If Ideas Had Shapes

A quoteblog ranging from philosophers in bathrobes to galaxy-rises

Category: Physics

Douglas Hofstadter – Metamagical Themas (1985)

Either you are gentle (using long-wavelength photons) and do not see the electron well, or you are violent (using short-wavelength photons) and throw the electron completely off its course.

To recapitulate: The uncertainty principle states not that the observer always interferes with the observed, but rather that at a very fine grain size, the wave-particle duality of the measuring tools becomes relevant.

Michio Kaku – Physics of the Future (2011)

Magnetic lines of force cannot penetrate a superconductor. This is the Meissner effect. (When a magnetic field is applied to a superconductor, a small electric current forms on the surface and cancels it, so the magnetic field is expelled from the superconductor.) When you place the magnet on top of the ceramic, its field lines bunch up since they cannot pass through the ceramic. This creates a “cushion” of magnetic field lines, which are all squeezed together, thereby pushing the magnet away from the ceramic, making it float.

Michio Kaku – Physics of the Future (2011)

Pound for pound, fusion releases 10 million times more energy than gasoline. An 8-ounce glass of water is equal to the energy content of 500,000 barrels of petroleum.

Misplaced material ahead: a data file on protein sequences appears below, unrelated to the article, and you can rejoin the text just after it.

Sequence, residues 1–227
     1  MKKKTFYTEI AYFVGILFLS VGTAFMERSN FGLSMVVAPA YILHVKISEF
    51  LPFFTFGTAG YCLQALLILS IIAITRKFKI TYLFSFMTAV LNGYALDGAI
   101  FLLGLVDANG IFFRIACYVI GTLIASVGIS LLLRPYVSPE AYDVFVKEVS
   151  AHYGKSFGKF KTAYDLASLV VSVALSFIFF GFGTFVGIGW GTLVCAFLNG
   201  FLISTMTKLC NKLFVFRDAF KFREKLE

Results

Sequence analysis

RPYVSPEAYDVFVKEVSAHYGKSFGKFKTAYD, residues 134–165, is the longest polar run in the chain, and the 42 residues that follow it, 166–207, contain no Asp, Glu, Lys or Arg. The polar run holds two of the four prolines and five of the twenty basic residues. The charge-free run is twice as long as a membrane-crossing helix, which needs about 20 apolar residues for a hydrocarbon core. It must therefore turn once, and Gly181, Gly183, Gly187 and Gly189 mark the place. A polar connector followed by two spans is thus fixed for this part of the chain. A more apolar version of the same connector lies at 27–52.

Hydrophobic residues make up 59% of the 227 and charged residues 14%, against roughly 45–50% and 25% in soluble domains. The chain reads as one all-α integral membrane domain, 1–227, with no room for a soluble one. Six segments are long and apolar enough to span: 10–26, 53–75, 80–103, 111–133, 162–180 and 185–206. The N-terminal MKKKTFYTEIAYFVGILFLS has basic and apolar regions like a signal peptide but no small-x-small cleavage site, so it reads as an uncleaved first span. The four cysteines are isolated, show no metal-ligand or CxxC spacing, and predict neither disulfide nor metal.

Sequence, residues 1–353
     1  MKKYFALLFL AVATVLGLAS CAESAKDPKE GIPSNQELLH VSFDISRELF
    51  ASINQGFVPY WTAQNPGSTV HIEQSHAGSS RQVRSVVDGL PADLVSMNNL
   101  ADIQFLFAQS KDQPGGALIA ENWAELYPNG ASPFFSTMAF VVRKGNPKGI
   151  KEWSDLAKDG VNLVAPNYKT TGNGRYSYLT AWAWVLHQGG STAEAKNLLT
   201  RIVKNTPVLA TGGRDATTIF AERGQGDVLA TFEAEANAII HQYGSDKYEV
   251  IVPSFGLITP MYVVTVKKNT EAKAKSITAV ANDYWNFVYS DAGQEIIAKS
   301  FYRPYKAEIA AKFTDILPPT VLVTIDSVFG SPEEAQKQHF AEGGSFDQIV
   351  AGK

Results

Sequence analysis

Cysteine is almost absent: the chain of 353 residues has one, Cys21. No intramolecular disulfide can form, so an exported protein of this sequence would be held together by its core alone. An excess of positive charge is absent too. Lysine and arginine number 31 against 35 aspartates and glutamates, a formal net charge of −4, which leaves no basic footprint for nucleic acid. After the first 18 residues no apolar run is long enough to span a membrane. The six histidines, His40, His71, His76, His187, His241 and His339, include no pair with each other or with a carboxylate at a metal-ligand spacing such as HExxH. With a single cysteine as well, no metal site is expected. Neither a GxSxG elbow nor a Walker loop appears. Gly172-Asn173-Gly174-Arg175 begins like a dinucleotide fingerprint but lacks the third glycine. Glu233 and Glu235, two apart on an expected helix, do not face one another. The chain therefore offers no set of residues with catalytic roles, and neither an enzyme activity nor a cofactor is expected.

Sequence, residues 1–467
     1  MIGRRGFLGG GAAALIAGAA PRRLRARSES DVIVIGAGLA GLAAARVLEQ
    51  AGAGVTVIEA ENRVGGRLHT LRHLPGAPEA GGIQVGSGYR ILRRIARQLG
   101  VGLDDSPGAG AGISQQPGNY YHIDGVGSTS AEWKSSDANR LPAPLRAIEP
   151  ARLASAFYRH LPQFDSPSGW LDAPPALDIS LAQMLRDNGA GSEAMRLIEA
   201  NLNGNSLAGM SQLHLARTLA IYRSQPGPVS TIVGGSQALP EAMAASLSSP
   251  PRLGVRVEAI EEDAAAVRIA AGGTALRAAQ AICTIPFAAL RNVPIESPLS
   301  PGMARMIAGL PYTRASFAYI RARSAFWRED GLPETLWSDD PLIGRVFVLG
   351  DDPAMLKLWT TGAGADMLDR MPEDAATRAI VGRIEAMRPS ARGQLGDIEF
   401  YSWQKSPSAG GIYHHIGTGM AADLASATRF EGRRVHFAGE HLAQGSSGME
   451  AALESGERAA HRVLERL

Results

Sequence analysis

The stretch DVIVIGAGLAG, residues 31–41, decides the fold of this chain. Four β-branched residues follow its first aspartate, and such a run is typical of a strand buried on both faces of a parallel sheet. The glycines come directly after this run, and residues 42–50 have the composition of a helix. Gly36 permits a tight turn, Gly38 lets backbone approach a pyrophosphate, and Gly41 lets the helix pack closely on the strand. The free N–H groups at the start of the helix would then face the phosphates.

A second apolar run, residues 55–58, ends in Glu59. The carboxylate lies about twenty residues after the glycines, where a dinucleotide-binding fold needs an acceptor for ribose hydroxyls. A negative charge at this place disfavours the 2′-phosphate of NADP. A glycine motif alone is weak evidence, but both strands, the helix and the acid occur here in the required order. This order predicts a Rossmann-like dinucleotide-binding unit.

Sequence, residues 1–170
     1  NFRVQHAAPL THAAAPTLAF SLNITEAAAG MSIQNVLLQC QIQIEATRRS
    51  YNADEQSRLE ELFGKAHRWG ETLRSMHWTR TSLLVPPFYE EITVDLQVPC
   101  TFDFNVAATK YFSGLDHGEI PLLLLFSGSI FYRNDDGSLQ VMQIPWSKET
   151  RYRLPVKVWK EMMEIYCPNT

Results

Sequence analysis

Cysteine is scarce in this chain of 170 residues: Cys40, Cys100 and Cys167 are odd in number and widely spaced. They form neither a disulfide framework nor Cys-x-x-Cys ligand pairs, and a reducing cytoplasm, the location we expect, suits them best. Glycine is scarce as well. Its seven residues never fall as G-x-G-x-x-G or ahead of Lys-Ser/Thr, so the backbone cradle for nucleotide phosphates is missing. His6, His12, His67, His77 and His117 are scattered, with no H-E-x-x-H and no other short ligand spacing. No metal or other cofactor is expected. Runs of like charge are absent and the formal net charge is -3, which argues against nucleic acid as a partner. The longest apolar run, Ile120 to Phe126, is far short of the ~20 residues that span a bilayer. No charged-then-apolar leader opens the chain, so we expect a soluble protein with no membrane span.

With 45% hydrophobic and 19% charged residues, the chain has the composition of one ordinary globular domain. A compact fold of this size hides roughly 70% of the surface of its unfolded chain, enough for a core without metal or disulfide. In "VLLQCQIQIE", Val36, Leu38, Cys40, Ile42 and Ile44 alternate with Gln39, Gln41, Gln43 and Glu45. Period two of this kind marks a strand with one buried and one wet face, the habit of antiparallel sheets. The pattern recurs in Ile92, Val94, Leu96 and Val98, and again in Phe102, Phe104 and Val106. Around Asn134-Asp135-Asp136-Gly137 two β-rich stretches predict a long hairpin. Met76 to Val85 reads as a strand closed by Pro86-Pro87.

Michio Kaku – Physics of the Future (2011)

…All these statements sound ridiculous. In fact, Einstein once said, “the more successful the quantum theory is, the sillier it looks.” No one knows where these bizarre laws come from. They are simply postulates, with no explanation. The quantum theory has only one thing going for it: it is correct.

Steven Weinberg – Dreams of a Final Theory (1993)

Electrons are an essential part of our everyday world; the particles called muons and tauons hardly matter at all to our lives; yet, in the way that they appear in our theories, electrons do not seem in any way more fundamental than muons and tauons. More generally, no one has ever discovered any correlation between the importance of anything to us and its importance in the laws of nature.

(quoted in The Portable Atheist)

Kenneth Ford – The Quantum World (2004)

Physicists themselves often say that their heads swim when they think too hard about quantum mechanics. As I have stated earlier in this book, quantum mechanics is eerie not just because it violates common sense. It is strange for deeper reasons: it deals with unobservable quantities; it shows that nature’s fundamental laws are probabilistic; it permits particles to be in two or more states of motion at the same time; it allows a particle to interfere with itself; it says that two widely separated particles can be entangled.